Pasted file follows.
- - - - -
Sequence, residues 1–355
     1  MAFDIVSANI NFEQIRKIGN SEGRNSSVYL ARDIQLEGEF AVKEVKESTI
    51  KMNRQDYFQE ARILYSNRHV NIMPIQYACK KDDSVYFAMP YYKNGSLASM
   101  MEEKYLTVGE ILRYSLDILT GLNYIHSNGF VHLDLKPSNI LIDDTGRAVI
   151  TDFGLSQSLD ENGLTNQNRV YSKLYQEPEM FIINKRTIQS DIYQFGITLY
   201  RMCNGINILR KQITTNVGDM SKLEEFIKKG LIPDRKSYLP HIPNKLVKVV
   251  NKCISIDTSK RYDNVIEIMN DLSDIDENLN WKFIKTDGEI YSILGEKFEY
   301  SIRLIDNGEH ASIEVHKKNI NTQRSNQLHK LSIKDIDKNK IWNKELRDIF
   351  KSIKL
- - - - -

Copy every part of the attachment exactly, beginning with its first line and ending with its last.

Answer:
Sequence, residues 1–355
     1  MAFDIVSANI NFEQIRKIGN SEGRNSSVYL ARDIQLEGEF AVKEVKESTI
    51  KMNRQDYFQE ARILYSNRHV NIMPIQYACK KDDSVYFAMP YYKNGSLASM
   101  MEEKYLTVGE ILRYSLDILT GLNYIHSNGF VHLDLKPSNI LIDDTGRAVI
   151  TDFGLSQSLD ENGLTNQNRV YSKLYQEPEM FIINKRTIQS DIYQFGITLY
   201  RMCNGINILR KQITTNVGDM SKLEEFIKKG LIPDRKSYLP HIPNKLVKVV
   251  NKCISIDTSK RYDNVIEIMN DLSDIDENLN WKFIKTDGEI YSILGEKFEY
   301  SIRLIDNGEH ASIEVHKKNI NTQRSNQLHK LSIKDIDKNK IWNKELRDIF
   351  KSIKL